Local ABC News Features Reyes Quezada on Ask the Expert

As many parents have questions about how to navigate the current school year with their children at home, ABC 10News anchor Lindsey Peña offered them an opportunity to talk with Reyes Quezada, chair of the Department of Learning and Teaching from University of San Diego USD, about their concerns. Reyes fields questions about distance learning, early childhood education, and bilingual education during the segment.

His advice includes tips that families can use to replicate what’s happening in schools to support their students at home. During the interactive session, Reyes also emphasizes the different ways teachers can communicate to meet the needs of the students during remote learning, including socio-emotional learning.

Watch the full interview on ABC10News Facebook page.

Clinically Rich Programs in New York: Syracuse City School District/SUNY Oswego Teacher Residency Partnership

Teacher working with young studentsThis article is part of a series on clinically rich teacher preparation in New York State, coordinated by Prepared To Teach at Bank Street College. The text is adapted from their latest report, Making Teacher Preparation Policy Work: Lessons From and For New York, and shared by the featured institution.

Syracuse, New York is home to a longstanding residency partnership between SUNY Oswego and Syracuse City School District (SCSD). The district and university first developed the residency with resources obtained through New York State’s Clinically Rich Teacher Preparation Pilot in 2012.

When planning for the residency, partners recognized a particularly promising model inside the master’s level Childhood Education program. By placing residents inside schools as cohorts, committing substantive faculty time to those same schools, and providing time inside the school day for planning, collaboration, and reflection between residents and mentor teachers teams, and between those teams and program faculty, the residency model has become more than a high-quality preparation pathway for teacher candidates—it’s a part of each school’s culture and approach to strengthened teaching and learning inside its classrooms. “We’ve seen the residency model evolve over time as we plan, collaborate, and adjust our approaches, which allows us to be responsive to new goals and identified needs at the university or district level,” says Associate Dean Kristen Munger.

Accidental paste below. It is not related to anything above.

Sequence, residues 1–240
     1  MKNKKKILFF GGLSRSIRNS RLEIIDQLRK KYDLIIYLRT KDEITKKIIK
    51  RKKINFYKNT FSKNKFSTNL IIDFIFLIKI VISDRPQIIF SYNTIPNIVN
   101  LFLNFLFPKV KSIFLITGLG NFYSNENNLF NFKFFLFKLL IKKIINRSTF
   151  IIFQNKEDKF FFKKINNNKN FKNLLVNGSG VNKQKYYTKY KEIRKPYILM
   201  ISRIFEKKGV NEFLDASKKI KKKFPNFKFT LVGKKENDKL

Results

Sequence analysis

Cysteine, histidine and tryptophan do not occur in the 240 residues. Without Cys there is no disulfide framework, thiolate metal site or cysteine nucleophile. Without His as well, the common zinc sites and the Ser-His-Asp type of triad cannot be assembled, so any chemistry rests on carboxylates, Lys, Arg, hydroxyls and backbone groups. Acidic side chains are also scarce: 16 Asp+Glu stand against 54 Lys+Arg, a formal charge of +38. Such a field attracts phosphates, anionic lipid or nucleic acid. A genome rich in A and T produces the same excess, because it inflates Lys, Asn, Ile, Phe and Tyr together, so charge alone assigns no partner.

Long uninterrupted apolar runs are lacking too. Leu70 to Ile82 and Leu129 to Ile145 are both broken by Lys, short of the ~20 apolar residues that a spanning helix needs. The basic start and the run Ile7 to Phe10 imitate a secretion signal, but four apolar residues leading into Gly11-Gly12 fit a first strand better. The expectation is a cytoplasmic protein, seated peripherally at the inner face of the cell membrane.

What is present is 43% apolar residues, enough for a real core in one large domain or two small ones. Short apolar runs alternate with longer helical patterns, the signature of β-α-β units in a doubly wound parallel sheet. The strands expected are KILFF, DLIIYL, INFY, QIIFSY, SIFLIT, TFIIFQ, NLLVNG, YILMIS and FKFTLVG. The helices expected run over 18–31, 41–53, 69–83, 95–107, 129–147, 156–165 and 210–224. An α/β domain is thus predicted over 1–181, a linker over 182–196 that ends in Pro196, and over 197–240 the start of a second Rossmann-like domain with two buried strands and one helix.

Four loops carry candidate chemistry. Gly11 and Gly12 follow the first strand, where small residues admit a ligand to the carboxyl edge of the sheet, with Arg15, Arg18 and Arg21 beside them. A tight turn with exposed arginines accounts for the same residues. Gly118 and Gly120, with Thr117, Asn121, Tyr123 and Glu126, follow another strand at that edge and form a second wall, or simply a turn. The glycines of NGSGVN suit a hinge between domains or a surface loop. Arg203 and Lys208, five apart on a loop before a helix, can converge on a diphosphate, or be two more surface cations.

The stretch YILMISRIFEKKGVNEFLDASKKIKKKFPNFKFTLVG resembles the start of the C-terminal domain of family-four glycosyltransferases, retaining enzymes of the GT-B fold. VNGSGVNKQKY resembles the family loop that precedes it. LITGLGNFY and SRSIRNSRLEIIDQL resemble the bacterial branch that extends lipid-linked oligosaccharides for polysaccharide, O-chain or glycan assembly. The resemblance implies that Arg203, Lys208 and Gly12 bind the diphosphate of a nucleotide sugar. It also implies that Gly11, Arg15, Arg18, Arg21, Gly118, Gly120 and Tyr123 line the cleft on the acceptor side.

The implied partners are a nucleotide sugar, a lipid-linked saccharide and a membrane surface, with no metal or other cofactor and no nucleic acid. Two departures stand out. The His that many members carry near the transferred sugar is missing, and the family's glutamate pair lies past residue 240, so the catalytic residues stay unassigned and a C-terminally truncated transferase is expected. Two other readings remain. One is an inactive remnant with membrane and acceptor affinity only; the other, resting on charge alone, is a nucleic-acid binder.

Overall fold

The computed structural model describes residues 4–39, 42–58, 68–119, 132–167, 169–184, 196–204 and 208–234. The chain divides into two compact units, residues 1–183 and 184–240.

OSPI and University of Washington’s Haring Center Expand Inclusionary Practice Project to Include Preschools

The Office of Superintendent of Public Instruction (OSPI) and the Haring Center for Inclusive Education

The Office of Superintendent of Public Instruction (OSPI) and the Haring Center for Inclusive Education at the University of Washington announced that they are expanding their Inclusionary Practice Project (IPP) to include preschools across the state. This work is part of a statewide effort to help more schools to adopt a culture of inclusion.

“When we meaningfully include students with disabilities in general education settings with their peers, all students see improved academic and social outcomes,” said Glenna Gallo, assistant superintendent of special education at OSPI.

In Washington, 49.7% of students with disabilities are participating in early childhood classes separate from their peers. Further, Washington is currently one of the least inclusive states, ranking 44th in the nation.

Clinically Rich Programs in New York: Western New York Teacher Residency at Canisius College Rich